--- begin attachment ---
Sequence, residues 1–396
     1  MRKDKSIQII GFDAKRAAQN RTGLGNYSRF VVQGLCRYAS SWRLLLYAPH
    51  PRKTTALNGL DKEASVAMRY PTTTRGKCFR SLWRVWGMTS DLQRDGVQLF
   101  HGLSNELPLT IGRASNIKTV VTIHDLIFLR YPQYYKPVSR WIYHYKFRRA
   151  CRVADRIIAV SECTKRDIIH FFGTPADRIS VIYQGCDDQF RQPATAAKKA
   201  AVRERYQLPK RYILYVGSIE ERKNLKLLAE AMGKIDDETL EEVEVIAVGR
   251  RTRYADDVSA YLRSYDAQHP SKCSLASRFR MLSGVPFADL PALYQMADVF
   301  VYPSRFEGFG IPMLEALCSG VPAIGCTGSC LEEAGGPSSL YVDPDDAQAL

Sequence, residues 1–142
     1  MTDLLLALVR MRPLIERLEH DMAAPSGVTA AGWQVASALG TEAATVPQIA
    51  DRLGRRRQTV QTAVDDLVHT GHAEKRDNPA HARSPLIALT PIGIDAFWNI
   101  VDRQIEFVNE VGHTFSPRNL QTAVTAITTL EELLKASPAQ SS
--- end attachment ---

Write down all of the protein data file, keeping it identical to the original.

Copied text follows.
Sequence, residues 1–396
     1  MRKDKSIQII GFDAKRAAQN RTGLGNYSRF VVQGLCRYAS SWRLLLYAPH
    51  PRKTTALNGL DKEASVAMRY PTTTRGKCFR SLWRVWGMTS DLQRDGVQLF
   101  HGLSNELPLT IGRASNIKTV VTIHDLIFLR YPQYYKPVSR WIYHYKFRRA
   151  CRVADRIIAV SECTKRDIIH FFGTPADRIS VIYQGCDDQF RQPATAAKKA
   201  AVRERYQLPK RYILYVGSIE ERKNLKLLAE AMGKIDDETL EEVEVIAVGR
   251  RTRYADDVSA YLRSYDAQHP SKCSLASRFR MLSGVPFADL PALYQMADVF
   301  VYPSRFEGFG IPMLEALCSG VPAIGCTGSC LEEAGGPSSL YVDPDDAQAL

Sequence, residues 1–142
     1  MTDLLLALVR MRPLIERLEH DMAAPSGVTA AGWQVASALG TEAATVPQIA
    51  DRLGRRRQTV QTAVDDLVHT GHAEKRDNPA HARSPLIALT PIGIDAFWNI
   101  VDRQIEFVNE VGHTFSPRNL QTAVTAITTL EELLKASPAQ SS